Phi Delta Theta house demolished

Phi Delta Theta house demolished

If anyone has passed by 336 C St. — across from the Farmers Market —  recently, they would notice that a vast, empty lot has replaced the Phi Delta Theta house.

The project began on Sept. 17 when the asbestos was removed from the house’s exterior. The actual demolition of the house took place Sept. 24.

Though the building went down relatively easily, the cleaning up of the space took another 10 days.
Jeff Marschner, the historian and construction chair of Phi Delta Theta, detailed the building’s storied history via an email interview.
“The north side of the former structure was once the Davis Presbyterian Church, located at Fourth and F Streets. It was built in 1870,” Marschner said. “In about 1912, the church outgrew the building, so they sold this structure, which was then moved to Fourth and C, where it was remodeled into a student boarding house. Within a year, it became the home of the local Calpha Fraternity (California Agricultural Fraternity).”
The residence would then go on to house an Army Signal Corps group during WWII, and would be reclaimed by Calpha after the war in 1955. The Calpha Fraternity would subsequently become the Epsilon Chapter of Phi Delta Theta.
In 2002, the Phi Delta Theta chapter in Davis disbanded, and the house was left in the custody of the Phi Delta Alumni group. It had originally been slated to be remodeled, but initial inspections showed that the entire building would need to be revamped from the ground up.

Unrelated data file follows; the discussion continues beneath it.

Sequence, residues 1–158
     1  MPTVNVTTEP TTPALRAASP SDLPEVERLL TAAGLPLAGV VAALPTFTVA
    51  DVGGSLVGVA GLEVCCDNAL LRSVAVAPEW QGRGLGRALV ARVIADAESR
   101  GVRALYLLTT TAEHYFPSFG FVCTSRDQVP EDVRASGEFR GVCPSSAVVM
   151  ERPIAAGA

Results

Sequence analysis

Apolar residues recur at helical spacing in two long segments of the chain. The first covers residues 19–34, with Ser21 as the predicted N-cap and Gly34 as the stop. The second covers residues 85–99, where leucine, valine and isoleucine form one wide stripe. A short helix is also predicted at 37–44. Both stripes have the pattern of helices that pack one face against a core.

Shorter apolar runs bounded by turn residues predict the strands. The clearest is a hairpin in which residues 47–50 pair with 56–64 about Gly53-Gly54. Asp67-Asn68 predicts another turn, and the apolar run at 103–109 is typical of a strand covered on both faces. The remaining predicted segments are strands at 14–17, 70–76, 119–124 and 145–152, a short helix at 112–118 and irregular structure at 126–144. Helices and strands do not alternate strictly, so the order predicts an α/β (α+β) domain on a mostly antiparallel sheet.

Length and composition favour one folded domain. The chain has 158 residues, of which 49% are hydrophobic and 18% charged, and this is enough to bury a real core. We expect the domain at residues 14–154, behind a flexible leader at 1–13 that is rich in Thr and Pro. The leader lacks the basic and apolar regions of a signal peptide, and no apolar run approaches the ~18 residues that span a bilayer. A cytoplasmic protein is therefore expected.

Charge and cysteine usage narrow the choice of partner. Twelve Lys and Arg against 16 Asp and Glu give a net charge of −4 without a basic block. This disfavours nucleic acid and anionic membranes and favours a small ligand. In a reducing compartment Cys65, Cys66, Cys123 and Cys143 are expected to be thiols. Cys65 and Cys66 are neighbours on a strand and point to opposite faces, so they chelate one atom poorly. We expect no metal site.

“The final decision: just too cost prohibitive,” Marschner said. “An alumni survey found no support for the rehab project.”

In 2010, the Phi Delta Theta chapter was recolonized, and it seems that the legacy of the building may continue to live on.

Tim Zeff, the Alumni Board treasurer, said that remodeling the house would have cost roughly the same as tearing it down, since the entire foundation needed to be reworked regardless. If they were to renovate the old house, they would have to lift it off the foundation and place it back on top once the foundation work was completed.

“The structure was antiquated and in need of modernization to fit in with the needs of today’s students,” Zeff said. “Though the new house will be smaller in terms of square footage, it will still hold the same number of people.”

There are plans in the works for a new building, slated to be opened by September 2013. This building will house 19 beds in single and double configuration, with a dining and living room that will be estimated to accommodate 75 people.

Max Tipp, vice president of the Phi Delta Theta Epsilon chapter and a senior international relations major, shared his thoughts on the upcoming housing project.

“We’re really looking forward to the new and improved real estate on the block and are very grateful to our alumni for making all of this happen,” Tipp said. “They truly are wonderful men and I, for one, feel extremely obliged to be a part of this organization.”

ANDREW POH can be reached at city@theaggie.org.